The Kremlin said the two leaders would discuss the current state and outlook for U.S.-Russia relations as well as international issues.
Moscow and Washington struck a deal on Wednesday to hold the summit, a move likely to worry some U.S. allies and draw a fiery reaction from some of Trump's critics at home.
Trump is scheduled to travel to Brussels for a NATO summit on July 11-12.
The U.S. president's national security adviser, John Bolton, was in Moscow on Wednesday for talks with Putin, who said he is looking to revive bilateral relations.
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U.S.-Russian relations have plummeted in recent years amid Russia's involvement in the Ukraine crisis and allegations that Russia meddled in the 2016 U.S. presidential election.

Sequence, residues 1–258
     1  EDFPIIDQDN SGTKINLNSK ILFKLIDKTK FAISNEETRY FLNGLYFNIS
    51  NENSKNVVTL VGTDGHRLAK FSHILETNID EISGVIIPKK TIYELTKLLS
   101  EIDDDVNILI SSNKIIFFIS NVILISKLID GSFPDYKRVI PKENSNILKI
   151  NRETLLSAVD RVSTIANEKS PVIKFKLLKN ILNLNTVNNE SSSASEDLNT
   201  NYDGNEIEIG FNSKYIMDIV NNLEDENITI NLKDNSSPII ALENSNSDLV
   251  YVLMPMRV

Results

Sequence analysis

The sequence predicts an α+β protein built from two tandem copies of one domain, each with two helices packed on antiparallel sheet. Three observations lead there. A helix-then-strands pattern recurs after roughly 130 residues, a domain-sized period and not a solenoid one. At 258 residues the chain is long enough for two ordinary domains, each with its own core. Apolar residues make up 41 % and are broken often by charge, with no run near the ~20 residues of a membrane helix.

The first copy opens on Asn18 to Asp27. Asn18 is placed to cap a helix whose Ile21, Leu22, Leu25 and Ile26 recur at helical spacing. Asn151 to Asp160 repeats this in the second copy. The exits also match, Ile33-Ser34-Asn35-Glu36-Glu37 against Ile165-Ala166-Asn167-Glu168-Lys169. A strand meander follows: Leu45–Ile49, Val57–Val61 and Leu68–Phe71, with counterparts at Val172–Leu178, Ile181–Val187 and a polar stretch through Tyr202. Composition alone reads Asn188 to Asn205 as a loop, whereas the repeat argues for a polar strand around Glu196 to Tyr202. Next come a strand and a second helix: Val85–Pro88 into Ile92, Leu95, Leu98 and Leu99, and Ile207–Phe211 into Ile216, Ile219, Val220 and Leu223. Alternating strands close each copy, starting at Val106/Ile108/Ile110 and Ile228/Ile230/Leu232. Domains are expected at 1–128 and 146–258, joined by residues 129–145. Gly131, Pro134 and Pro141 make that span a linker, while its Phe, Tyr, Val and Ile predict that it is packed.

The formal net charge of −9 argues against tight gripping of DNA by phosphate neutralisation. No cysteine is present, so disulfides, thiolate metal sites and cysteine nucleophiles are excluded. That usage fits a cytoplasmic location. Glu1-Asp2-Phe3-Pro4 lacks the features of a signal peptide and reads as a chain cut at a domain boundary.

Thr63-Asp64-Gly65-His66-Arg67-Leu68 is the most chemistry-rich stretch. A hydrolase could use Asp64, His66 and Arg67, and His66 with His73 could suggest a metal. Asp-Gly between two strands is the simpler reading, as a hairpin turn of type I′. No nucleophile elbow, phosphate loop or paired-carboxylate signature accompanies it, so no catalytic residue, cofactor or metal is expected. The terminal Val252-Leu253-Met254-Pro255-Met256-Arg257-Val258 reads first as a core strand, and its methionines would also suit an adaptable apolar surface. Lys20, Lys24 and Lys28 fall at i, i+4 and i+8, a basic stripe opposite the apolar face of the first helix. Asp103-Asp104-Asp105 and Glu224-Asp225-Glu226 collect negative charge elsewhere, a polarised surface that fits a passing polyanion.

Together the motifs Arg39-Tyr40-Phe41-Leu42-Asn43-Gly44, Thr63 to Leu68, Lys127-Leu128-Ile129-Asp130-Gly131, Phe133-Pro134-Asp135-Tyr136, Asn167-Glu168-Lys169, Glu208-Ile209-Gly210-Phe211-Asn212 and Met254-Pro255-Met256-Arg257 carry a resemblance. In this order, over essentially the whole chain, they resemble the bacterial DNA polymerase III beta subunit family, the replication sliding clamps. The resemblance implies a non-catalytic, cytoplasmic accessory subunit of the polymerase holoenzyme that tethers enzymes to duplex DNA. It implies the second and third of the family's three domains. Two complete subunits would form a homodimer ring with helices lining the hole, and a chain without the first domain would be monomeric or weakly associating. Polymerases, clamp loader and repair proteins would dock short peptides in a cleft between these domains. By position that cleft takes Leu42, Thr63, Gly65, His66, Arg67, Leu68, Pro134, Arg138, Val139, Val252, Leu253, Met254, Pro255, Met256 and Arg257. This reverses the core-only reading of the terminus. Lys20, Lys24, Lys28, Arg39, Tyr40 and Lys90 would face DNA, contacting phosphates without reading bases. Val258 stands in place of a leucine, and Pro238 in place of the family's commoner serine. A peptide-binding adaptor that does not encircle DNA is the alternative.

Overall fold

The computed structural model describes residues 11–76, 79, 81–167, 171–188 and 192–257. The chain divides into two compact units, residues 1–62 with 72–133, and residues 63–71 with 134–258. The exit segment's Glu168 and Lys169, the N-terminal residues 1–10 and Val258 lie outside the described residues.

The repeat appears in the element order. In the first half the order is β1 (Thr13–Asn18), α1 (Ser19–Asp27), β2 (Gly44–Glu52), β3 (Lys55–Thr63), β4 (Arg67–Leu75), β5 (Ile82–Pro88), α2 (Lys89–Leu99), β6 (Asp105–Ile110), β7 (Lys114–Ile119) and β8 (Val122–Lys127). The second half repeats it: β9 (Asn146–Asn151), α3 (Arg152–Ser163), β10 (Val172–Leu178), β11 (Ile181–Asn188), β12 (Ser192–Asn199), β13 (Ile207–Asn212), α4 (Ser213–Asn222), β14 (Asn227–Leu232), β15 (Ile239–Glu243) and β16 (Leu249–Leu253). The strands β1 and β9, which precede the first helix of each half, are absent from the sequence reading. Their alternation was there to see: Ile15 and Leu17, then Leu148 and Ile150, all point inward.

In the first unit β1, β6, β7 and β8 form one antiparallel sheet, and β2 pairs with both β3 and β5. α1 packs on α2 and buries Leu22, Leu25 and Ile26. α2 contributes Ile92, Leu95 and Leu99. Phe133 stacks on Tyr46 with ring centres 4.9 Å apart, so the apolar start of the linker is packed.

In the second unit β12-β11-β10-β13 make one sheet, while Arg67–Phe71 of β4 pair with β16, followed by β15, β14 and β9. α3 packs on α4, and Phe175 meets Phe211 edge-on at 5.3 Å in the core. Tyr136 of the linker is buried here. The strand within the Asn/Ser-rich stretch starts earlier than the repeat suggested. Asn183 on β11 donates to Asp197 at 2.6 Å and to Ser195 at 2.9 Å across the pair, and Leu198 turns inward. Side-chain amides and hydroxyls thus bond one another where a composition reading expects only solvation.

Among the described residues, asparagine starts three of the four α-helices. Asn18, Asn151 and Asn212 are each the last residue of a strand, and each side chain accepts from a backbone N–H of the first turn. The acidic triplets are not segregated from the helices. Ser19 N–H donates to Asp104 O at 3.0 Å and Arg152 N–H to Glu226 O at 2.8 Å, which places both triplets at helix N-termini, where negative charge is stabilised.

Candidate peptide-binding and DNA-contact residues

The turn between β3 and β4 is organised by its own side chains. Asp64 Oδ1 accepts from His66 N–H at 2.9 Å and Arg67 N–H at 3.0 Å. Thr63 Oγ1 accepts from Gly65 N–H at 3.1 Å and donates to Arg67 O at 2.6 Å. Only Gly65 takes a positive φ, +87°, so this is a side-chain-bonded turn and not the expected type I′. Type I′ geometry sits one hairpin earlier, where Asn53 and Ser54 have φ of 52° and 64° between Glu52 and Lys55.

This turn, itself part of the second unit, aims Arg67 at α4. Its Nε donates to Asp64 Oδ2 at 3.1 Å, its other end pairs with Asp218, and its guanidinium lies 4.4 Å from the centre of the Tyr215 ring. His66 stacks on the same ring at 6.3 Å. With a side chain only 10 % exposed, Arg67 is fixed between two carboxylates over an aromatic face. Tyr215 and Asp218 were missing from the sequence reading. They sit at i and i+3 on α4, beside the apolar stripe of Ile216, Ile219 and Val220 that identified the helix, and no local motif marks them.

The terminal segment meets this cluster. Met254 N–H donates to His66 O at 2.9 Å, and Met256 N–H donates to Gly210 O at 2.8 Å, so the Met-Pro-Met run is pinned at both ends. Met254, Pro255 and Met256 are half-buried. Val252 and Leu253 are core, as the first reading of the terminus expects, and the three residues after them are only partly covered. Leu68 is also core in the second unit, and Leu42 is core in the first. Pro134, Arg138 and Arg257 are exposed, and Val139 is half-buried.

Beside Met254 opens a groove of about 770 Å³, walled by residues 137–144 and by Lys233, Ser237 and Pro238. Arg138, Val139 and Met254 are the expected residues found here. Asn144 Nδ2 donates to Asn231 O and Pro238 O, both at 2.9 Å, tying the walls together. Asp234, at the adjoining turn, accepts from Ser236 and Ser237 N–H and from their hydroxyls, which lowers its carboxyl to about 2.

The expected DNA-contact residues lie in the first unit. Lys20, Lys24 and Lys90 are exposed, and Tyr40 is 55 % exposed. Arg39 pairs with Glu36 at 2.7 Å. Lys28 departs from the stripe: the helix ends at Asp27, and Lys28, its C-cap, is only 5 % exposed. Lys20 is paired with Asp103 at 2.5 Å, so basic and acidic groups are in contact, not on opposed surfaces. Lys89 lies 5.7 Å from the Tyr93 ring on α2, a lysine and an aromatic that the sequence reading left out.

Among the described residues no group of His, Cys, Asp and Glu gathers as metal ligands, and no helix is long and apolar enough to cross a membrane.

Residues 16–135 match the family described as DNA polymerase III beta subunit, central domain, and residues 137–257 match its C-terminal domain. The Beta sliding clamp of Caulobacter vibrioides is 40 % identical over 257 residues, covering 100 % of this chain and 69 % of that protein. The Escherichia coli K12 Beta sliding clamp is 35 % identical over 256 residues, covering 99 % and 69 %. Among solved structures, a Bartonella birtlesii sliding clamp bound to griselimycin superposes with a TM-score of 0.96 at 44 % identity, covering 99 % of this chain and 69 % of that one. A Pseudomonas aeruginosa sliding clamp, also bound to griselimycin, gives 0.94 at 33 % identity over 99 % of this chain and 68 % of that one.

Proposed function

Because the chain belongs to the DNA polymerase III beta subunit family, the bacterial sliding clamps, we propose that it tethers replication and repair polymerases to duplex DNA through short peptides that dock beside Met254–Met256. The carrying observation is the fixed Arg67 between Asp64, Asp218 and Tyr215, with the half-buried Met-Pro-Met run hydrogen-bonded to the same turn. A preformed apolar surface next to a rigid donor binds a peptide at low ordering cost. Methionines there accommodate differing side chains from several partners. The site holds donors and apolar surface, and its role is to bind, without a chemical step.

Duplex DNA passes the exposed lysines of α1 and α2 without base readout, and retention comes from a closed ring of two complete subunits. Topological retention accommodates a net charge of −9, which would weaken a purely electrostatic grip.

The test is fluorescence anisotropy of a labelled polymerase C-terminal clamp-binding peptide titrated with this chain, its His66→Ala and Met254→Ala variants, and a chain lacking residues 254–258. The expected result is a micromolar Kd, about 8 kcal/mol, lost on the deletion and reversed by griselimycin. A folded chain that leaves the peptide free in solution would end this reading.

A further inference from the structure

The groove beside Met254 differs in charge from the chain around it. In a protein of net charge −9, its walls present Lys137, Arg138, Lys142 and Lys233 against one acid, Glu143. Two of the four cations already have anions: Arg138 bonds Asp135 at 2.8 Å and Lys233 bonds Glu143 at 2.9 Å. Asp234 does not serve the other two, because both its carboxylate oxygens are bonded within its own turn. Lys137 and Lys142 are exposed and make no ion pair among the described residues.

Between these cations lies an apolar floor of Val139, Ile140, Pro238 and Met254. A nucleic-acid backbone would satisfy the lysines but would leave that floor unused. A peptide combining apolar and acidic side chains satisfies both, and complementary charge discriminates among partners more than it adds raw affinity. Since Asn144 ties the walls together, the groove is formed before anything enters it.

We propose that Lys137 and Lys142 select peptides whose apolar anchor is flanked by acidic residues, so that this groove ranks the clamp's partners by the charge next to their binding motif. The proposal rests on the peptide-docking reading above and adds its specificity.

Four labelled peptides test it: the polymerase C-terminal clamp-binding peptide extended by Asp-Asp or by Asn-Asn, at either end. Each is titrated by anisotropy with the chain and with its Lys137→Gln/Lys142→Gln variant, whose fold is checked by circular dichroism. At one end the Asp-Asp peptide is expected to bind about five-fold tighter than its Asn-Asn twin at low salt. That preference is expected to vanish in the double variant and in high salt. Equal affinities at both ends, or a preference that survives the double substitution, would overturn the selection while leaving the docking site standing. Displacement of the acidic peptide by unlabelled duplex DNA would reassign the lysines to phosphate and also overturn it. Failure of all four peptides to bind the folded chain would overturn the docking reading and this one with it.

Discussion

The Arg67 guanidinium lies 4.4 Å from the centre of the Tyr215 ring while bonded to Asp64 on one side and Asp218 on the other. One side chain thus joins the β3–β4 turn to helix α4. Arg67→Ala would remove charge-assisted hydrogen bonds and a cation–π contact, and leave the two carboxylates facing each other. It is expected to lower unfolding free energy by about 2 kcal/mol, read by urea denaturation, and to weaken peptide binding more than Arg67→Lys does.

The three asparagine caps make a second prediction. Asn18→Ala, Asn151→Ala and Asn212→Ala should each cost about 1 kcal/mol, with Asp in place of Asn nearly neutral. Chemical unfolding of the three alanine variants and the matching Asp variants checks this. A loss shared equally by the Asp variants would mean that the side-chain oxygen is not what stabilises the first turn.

Such a summit is likely to irritate U.S. allies who want to isolate Putin, such as Britain or who are concerned about Trump's attitude toward Russia. It is also likely to go down badly among foreign and domestic critics who question Trump's commitment to NATO and fret over his desire to rebuild ties with Moscow even as Washington tightens sanctions.